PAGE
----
Thursday, 23 June 2016

INCREASED BOGUS LAWYERS WORRY MNANGAGWA

THE Government is worried about the increase in bogus and unscrupulous lawyers who are defrauding the public, Vice-President Emmerson Mnangagwa has said.


VP Mnangagwa who is also Justice, Legal and Parliamentary Affairs Minister said the Government had noted the worrying reports of people who have lost money and property to unruly lawyers.

“…this is especially in view of worrying reports of bogus and unscrupulous lawyers who are on the prowl to fleece the public of their hard earned cash in matters relating to the transfer of real rights or immovable property,” said VP Mnangagwa.

He was responding to a question by Mutoko East MP, Cde Nelson Mawere who had asked the Government to consider regulating fees charged by lawyers and publishing houses for the processing of Deeds of Transfer.

He said attorneys in general practice are required to charge their client fees in terms of the General Tariff of Fees for Legal Practitioners, approved by the Minister of Justice and published by the Law Society of Zimbabwe (LSZ), with effect from February 2011.

“It is significant to note that legal practitioners are legally obliged to charge fees that are fair and reasonable. Therefore, it is considered by the law that the charging of a fee higher or lower than that set out in the tariff is illegal,” said VP Mnangagwa.

“As such, it is mandatory for legal practitioners to charge fees in terms of the tariff or face the real risk of disciplinary action for charging unreasonable fees”.
The LSZ tariff requires that legal practitioners charge fees on an hourly basis, though it is recommended that attorneys break down the hour into smaller units to ensure more accurate billing. The rate charged per hour is dependent on the individual legal practitioner’s experience with an inexperienced one charging considerably less than a senior one, he explained.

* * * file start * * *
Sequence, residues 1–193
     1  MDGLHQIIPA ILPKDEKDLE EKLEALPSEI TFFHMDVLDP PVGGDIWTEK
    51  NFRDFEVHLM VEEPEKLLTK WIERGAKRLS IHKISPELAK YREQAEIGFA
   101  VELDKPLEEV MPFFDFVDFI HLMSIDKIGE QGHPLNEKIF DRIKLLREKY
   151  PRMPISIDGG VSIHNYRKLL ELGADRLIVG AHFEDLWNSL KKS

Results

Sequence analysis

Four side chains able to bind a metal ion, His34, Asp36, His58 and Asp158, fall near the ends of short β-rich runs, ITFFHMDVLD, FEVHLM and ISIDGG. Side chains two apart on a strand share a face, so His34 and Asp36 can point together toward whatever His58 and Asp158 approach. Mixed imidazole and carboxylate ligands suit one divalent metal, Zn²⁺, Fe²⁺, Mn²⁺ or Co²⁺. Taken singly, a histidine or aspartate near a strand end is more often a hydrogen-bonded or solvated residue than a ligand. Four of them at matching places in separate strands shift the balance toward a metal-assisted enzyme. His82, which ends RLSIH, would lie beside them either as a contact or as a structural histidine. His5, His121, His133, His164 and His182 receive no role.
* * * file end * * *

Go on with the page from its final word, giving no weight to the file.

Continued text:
According to Statutory Instrument 24 of 2013 called the LSZ (Conveyancing Fees) By-Laws 
the schedule seen by Chronicle, conveyance fees range from $50 to $600 depending on the nature of the transfer.

In recent years a number of lawyers have appeared in courts on allegations of embezzlement of clients’ funds. This resulted in the LSZ closing some firms and de-registering lawyers for lack of professional conduct.

In May, the LSZ barred 35 lawyers from operating after they failed to renew their practising certificates while others are facing disciplinary action or have abandoned the practice.
The LSZ is reportedly investigating several lawyers countrywide in connection with corruption and theft. Bulawayo law firm Cheda and Partners was placed under curatorship last year after the legal profession regulator detected alleged abuse of trust funds running into hundreds of thousands of dollars.

The law firm’s demise was triggered when its two senior partners, Sindiso Mazibisa and Mlamuli Ncube, surrendered their practising certificates.
The duo remain suspended pending de-registration. They are accused of theft of at least $335,000 in trust funds.

The third senior partner, Mr Nqobizitha Ndlovu, was later suspended by LSZ for interfering with the curator Advocate Perpetua Dube’s duties.

Last week, the LSZ filed an urgent chamber application seeking to have another Bulawayo law firm, James Mutsauki Attorneys placed under curatorship and its owner’s practising certificate cancelled over alleged trust fund fraud involving more than $30,000.

James Mutsauki, who is at large, is alleged to have committed acts of unprofessional conduct by abusing funds from his law firm’s trust account. chronicle

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